Skip to Content

Why Your Tiger Barb Is Swimming Upside Down And How To Stop It!

Due to their low price, low maintenance requirements, and great looking patterns and colors, tiger barbs are seeing a surge in their popularity right now within the fish keeping community.

Although they do tend to be a relatively beginner friendly fish, we do commonly see people reaching out and asking questions about why their tiger barb is swimming upside down in their aquarium.

The most common cause of a tiger barb consistently swimming upside down in an aquarium is due to the fish having swim bladder disease.

In particularly bad cases, dropsy can also cause a tiger barb to swim upside down and lose control of is buoyancy but in most cases, the issue will be due to swim bladder disease.

Unlike most commonly kept schooling fish in an aquarium, tiger barbs can be aggressive both to each other and to their non-tiger barb tank mates.

If fights break out, injury can cause problems with the tiger barb being able to swim correctly sometimes causing the fish to swim upside down or on its side.

Is It Normal For A Tiger Barb To Swim Upside Down?

It is not normal for a tiger barb to swim upside down consistently and the behavior is almost always a sign of a potentially serious problem with the fish.

In some cases, a tiger barb may go upside down and swim around with its head facing the substrate when foraging for food but this is usually only for a couple of seconds at a time.

When the tiger barb is swimming upside down when looking for food, you can tell that the upside down swimming is intentional in the fish since it will go from one side of the aquarium to the other in a consistent pattern and often only spend a couple of seconds at each spot.

If your tiger barb is constantly swimming upside down, this is not intentional behavior and is almost always due to an underlying health problem that needs to be addressed as soon as possible.

When a tiger barb is swimming upside down due to an issue it will seem as though the fish has minimal control over its movement.

If you have even slight water flow in the tank you may find that the fish will often move with the tanks water flow than in a deliberate direction that the tiger barb chooses.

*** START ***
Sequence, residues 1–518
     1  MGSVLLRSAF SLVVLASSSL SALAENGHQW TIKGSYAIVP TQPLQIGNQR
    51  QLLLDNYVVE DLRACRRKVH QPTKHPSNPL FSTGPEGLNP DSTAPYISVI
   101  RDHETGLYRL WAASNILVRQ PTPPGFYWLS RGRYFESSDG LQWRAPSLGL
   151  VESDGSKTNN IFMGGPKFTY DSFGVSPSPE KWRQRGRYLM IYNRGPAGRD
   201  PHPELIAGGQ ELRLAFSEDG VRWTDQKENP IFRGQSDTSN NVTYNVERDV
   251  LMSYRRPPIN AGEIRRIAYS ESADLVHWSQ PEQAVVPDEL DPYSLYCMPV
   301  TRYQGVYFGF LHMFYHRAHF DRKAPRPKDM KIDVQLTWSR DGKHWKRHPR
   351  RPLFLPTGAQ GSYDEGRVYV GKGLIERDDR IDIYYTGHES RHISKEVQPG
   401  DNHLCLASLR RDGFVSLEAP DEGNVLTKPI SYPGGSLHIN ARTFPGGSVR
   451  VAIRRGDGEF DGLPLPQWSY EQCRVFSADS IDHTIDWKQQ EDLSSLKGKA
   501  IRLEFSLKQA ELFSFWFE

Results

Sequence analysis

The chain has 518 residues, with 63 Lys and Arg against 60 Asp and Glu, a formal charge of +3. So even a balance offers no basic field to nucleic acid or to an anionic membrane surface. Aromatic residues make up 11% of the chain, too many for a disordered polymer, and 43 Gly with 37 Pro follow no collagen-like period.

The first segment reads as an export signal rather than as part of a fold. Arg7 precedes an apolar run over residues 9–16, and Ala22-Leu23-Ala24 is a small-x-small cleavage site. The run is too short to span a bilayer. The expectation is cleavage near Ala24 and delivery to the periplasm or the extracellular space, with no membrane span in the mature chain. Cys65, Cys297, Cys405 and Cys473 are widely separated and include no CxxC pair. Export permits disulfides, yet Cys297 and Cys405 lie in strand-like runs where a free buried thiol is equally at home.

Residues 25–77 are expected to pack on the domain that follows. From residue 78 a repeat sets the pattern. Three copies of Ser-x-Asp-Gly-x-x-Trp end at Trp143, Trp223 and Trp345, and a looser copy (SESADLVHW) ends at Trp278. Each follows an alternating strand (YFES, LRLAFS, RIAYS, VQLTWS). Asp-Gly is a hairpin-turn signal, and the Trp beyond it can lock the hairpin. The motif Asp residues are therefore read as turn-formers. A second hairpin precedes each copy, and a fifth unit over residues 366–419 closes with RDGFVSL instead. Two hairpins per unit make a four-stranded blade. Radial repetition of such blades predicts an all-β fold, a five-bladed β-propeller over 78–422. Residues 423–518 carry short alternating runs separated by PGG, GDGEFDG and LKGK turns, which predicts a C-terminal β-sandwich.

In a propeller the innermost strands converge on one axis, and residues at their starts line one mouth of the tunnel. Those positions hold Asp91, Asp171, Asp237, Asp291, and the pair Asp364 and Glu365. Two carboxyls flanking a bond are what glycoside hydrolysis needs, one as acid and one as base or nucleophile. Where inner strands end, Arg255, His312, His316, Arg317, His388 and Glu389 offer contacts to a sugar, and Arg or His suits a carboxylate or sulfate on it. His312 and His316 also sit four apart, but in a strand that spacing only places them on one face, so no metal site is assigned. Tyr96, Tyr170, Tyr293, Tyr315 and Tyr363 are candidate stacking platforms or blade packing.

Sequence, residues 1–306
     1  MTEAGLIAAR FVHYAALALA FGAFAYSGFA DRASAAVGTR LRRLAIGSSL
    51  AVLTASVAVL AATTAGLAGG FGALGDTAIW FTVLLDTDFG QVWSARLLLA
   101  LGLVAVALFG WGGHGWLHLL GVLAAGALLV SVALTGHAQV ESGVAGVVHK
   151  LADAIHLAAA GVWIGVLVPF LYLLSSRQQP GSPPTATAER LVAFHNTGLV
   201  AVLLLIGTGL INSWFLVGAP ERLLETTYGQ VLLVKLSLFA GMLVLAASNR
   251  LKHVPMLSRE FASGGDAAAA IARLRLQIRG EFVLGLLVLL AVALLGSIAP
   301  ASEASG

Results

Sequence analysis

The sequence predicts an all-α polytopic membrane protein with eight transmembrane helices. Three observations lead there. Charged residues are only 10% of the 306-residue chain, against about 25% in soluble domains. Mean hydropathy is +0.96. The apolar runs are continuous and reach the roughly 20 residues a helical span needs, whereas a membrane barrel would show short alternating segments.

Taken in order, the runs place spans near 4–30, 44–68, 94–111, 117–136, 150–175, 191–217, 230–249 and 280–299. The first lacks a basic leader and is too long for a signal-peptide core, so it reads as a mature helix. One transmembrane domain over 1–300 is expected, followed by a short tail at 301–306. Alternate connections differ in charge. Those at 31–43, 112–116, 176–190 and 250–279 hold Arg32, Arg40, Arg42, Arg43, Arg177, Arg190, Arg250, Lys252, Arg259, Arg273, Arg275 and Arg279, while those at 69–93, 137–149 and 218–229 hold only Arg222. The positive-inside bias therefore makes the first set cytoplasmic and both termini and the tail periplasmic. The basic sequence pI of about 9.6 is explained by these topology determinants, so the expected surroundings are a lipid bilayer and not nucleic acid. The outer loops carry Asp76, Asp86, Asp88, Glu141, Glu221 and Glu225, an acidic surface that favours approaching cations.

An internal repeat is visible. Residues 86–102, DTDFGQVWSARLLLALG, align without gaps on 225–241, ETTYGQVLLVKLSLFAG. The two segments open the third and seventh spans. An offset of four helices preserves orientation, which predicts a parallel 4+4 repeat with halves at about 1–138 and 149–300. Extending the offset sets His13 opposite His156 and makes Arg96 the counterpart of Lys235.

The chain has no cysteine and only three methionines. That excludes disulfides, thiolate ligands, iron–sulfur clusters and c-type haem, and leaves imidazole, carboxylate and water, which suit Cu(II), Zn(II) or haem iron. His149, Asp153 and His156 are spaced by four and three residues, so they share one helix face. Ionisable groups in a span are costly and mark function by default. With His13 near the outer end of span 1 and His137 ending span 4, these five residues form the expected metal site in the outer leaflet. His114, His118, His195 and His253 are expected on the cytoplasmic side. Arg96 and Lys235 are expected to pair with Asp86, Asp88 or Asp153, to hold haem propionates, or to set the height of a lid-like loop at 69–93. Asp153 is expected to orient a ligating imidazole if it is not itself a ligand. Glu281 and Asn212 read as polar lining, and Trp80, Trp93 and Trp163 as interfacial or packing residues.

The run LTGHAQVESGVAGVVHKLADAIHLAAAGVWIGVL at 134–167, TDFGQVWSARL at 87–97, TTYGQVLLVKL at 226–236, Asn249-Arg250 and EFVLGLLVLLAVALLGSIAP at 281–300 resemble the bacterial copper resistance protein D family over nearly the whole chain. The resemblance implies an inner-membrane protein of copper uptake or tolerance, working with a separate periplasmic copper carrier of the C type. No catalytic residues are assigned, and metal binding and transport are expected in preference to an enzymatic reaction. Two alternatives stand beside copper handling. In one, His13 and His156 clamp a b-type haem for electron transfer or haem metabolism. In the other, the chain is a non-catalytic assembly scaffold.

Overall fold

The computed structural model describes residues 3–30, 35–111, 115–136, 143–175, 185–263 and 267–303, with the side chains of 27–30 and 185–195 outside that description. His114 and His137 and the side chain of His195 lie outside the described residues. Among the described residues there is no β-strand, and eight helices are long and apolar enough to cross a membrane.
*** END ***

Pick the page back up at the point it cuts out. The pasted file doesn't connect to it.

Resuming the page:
Why Is My Tiger Barb Swimming Upside Down?

The most common reason that your tiger barb will be swimming upside down is due to the fish suffering from swim bladder disease. Less common causes include very bad cases of dropsy or a serious injury to the fish that limits its ability to swim but this does tend to be rare.

If your tiger barb is swimming upside down then it is usually safe to presume that the fish is suffering from swim bladder disease due to the odds of that being the issue being so high.

You are able to confirm that the problem is not dropsy if your tiger barb has not bloated up and that its not an injury if there is no visible injury to the fish.

Other symptoms of swim bladder disease in tiger barbs include but are not limited to:

  • The tiger barb being unable to swim properly and often appearing uncoordinated.
  • The tiger barb constantly trying to swim near the surface of the water gasping for air.
  • The tiger barb having a bloated appearance.

If you notice any of these other symptoms in your tiger barb as well as it swimming upside down, then there is a strong chance that your tiger barb has swim bladder disease and you should seek out medical treatment for the fish as soon as possible.

What Causes Swim Bladder Disease In Tiger Barbs?

The most common cause of swim bladder disease in tiger barbs is due to over feeding the fish resulting in a number of problems in the digestive system of the fish that eventually ends up turning into swim bladder disease.